She pauses, thinking about her own act of creation. "I feel uninhibited when I'm writing."
Does she believe in reincarnation?
"I don't think so but I'm open to the possibility. Life is frustratingly short and I realise that as I get older. At the same time, reincarnation into medieval times when life was Hobbesian [i.e. nasty, brutish and short] isn't so appealing. Reincarnation was a device to bring historical research into contemporary China, that's why I introduced it. But with each redrafting of the book, the reincarnation aspects became more substantial. It linked in with the theme that history is cyclical. We repeat ourselves."
And what about the ghost fixation, a theme that runs through all three books? She laughs.
"No, I haven't seen one but I can spook myself easily, I'm very susceptible. I'm drawn to the supernatural. That's from my family in Malaysia, where there's a climate of belief. One of my aunts hired Buddhist priests to chant to get rid of a woman ghost who'd lost her baby and would cry at night.
"When you're 11 and you hear one of your aunts at breakfast talking about how she saw a man with red eyes staring in at her, there's no cynicism."
The photographer arrives to take portrait shots. Barker, who has offered to provide an existing set of photos and is obviously ill at ease with the process, agrees to one suggestion; and says no, quietly but firmly, to another.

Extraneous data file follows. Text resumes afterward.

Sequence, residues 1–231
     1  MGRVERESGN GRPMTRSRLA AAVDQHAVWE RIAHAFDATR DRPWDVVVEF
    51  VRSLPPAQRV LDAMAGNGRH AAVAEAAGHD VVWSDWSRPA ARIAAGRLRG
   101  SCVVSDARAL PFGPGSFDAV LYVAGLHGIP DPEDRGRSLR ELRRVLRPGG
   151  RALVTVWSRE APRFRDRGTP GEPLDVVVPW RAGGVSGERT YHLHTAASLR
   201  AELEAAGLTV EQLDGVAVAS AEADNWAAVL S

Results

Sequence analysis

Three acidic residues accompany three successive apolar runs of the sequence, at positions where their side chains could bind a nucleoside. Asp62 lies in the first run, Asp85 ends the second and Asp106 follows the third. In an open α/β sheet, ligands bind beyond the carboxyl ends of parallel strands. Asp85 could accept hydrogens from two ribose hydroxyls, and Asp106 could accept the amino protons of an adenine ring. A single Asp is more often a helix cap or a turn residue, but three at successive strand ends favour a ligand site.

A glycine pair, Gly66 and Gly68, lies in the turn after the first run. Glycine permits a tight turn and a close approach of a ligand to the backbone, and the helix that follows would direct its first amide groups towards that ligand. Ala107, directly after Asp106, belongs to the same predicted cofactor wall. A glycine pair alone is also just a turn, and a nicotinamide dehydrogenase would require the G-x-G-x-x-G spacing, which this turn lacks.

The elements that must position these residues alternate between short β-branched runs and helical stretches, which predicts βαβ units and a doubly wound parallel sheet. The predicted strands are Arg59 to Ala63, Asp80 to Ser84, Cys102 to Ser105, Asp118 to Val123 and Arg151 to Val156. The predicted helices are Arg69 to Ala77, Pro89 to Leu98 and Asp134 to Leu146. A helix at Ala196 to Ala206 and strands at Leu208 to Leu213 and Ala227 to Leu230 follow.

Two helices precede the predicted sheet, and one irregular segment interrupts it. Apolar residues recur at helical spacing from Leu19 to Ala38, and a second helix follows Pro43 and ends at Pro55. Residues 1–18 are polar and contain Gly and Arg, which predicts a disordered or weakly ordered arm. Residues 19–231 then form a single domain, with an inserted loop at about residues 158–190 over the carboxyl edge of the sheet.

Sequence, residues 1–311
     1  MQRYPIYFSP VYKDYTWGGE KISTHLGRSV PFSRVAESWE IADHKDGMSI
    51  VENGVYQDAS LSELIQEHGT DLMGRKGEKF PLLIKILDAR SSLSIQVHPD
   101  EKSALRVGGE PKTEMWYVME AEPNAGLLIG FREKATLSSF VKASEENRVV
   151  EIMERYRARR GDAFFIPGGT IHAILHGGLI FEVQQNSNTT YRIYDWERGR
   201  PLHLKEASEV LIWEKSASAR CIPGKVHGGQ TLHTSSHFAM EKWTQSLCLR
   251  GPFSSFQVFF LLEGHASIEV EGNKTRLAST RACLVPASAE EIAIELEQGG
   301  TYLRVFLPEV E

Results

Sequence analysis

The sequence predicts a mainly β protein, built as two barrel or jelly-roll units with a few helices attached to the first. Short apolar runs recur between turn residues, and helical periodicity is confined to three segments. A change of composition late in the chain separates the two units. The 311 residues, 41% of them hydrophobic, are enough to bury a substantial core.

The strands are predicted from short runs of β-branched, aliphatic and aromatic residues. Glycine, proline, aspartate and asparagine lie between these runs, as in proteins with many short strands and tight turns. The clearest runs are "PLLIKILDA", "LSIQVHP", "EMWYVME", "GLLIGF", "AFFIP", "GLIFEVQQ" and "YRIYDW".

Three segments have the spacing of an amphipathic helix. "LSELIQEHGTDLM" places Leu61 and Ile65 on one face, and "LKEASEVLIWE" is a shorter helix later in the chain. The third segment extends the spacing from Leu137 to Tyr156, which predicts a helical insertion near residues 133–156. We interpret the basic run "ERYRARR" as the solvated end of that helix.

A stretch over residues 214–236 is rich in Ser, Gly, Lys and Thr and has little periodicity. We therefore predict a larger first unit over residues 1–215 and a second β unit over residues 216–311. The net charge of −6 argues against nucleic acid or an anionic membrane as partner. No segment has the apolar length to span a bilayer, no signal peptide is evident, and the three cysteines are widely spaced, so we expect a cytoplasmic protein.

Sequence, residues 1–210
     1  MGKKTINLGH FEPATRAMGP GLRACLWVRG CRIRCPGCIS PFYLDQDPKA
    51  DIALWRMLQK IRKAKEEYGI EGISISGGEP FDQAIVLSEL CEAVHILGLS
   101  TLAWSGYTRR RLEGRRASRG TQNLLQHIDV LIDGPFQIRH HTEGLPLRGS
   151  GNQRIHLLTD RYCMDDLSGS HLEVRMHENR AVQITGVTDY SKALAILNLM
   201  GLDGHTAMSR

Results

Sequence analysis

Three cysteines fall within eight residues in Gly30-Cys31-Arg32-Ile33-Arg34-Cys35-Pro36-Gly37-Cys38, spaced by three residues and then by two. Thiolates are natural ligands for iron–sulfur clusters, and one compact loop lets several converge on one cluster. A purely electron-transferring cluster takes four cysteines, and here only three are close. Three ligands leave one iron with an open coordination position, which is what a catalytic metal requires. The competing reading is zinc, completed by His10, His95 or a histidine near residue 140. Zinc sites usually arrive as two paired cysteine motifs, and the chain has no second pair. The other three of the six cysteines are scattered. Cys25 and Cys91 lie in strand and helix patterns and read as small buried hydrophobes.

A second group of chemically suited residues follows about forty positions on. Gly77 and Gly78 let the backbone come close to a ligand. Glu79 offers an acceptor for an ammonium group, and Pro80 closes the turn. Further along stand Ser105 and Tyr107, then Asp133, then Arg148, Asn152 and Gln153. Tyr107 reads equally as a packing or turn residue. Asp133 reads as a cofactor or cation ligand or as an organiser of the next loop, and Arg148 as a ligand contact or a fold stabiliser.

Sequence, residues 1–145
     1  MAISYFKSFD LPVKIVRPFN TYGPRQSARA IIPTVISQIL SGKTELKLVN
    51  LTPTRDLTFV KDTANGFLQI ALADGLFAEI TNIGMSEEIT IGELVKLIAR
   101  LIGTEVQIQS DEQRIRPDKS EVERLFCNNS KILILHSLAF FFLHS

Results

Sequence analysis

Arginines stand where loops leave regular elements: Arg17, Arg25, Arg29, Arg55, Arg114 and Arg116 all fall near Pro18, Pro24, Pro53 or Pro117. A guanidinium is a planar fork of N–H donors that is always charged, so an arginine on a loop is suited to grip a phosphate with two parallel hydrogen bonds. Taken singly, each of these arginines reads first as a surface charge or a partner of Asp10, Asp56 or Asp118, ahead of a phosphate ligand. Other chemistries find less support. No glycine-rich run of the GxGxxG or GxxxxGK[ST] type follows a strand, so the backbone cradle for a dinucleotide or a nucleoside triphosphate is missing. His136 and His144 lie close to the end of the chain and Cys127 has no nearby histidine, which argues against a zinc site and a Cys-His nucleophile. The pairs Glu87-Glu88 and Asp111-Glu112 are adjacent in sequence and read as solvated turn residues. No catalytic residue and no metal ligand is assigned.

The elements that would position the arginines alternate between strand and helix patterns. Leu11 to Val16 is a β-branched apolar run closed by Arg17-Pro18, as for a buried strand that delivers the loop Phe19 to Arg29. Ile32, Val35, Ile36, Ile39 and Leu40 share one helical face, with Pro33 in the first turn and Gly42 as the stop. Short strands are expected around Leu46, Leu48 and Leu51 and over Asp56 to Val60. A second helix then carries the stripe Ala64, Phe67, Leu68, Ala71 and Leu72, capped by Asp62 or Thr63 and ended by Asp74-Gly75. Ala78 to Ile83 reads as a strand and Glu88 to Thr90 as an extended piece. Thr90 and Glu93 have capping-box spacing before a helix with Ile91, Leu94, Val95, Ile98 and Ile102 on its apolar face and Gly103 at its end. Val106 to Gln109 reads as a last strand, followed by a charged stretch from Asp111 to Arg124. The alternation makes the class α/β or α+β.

"I was a pain in the arse in my first year at Leeds," she'd confessed earlier. "I'd started learning about political ideology and I was boring on about being working class." There's no sign of that bolshiness during this interview; but there is, perhaps, an understandable desire to have some control over her life.
"I feel creatively very spent after this book," she says, standing in the hot street. "I haven't written any fiction since I finished The Incarnations in January this year. I don't have the energy or the courage."
History being, indeed, cyclical, her boyfriend is moving back to the United States - to Indiana - for his studies so, despite what she wrote on her blog, she's going to be on the road again soon. "I'm unsettled now. It's so ironic - I like domesticity, I'd like to settle down."
In the sunlight, the tattoo on her left arm is more visible.
"I got it done at 18 or 19, when I used to be really into rock music and night clubs," she'd said in Starbucks. "It's a Celtic symbol. I still like it. Ask me in a decade if I still like it …"
At the Man Mo temple, on Hollywood Road, encouraged by her interviewer, she makes a donation, beats the drum, rings the bell. Her summer plans - talks in Shanghai and Beijing as well as an appearance at the Hong Kong Book Fair, in partnership with the British Council, on July 20 - are an edifice built around a successful visa application. Which - she learns later that afternoon - has been rejected. As a result, she misses her flight to Beijing.
The following day, she tweets: "Is there a shrine in Hong Kong where I can pray to/bribe the gods of China visa bureaucracy?"
But she's been on this path before. She makes a second application, for a different visa. A few days later, she e-mails from Beijing to say she's made it back again. She is, she says, very happy.